The three athletes are prohibited from contacting current North Carolina athletes and are not allowed inside the Kenan Football Center or other athletic facilities on campus. In April 2010, Quinn was regarded as one of the top prospects for the 2011 NFL Draft. Despite sitting out all of his junior season, he was still projected to be a top-10 selection in January 2011, his stock dropped after the combine, projecting him at No. 11 in early March. Quinn was drafted in the first round as the 14th overall pick in the 2011 NFL Draft by the St. Louis Rams. On July 30, 2011, he signed a four-year $9.4 million contract with the Rams and arrived a day late to practice due to the birth of his first son. On September 19, 2011, Quinn recorded his first career sack against the Giants on Monday Night Football. On October 30, 2011, he recorded his second sack and blocked a punt against the New Orleans Saints, earning the NFC Special Teams Player of the Week Award for his effort. Quinn ended his rookie season with five sacks, three blocked punts, generated positive reviews for his pass rushing skills.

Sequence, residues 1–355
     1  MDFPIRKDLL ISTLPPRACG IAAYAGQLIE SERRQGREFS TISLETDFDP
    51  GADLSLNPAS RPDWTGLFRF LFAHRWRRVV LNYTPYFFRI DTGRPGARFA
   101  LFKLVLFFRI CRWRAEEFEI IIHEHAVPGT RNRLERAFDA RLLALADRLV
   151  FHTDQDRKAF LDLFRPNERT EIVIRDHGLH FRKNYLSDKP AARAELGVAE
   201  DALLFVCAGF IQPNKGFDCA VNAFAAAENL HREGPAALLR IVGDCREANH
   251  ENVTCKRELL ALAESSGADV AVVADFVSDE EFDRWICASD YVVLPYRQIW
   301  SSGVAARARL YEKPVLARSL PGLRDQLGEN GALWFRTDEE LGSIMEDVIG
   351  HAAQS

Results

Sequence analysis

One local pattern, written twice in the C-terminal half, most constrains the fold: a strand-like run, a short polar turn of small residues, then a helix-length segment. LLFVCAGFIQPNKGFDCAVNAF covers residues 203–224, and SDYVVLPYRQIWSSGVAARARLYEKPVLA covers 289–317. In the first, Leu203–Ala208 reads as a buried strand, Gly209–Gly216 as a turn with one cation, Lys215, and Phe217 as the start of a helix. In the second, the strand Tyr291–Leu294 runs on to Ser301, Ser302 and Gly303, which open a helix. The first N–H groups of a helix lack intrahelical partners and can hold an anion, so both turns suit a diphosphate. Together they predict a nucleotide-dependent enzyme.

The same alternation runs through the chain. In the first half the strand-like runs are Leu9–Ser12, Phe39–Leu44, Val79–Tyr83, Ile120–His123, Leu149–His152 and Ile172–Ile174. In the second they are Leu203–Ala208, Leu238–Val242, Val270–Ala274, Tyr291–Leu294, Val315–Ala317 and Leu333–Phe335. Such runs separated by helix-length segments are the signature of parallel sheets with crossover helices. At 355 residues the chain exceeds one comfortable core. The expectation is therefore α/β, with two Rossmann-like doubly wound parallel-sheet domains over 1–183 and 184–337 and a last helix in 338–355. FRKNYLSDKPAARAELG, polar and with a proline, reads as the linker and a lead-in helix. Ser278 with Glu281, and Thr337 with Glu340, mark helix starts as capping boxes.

In 2012, Quinn started fourteen of the Rams' sixteen games. He set career highs in sacks with 29 and 10.5, respectively. In Week 5 against the Arizona Cardinals, he recorded 3 sacks, a pass deflection, the first forced fumble of his career. In Week 1 of 2013 versus the Arizona Cardinals, Quinn tied his career high for sacks in a game with three, causing two fumbles and was held once by Cardinal left tackle Levi Brown in a 27–24 Rams win in St. Louis. For his efforts, he was named Sports Illustrated's NFC Defensive Player of the Week for the first time. In addition he was named the Official NFL NFC Defensive Player of the Week on September 11, 2013. In Week 11, Quinn forced a fumble, recovered for a touchdown by Chris Long and for their efforts they were named co-Sports Illustrated's NFC Defensive Players of the Week. In Week 16, Quinn recorded 3 sacks against the Tampa Bay Buccaneers, passing Kevin Carter for the most sacks in a single season by a Ram with 18. Quinn was awarded the 2013 PFWA Defensive Player of the Year award.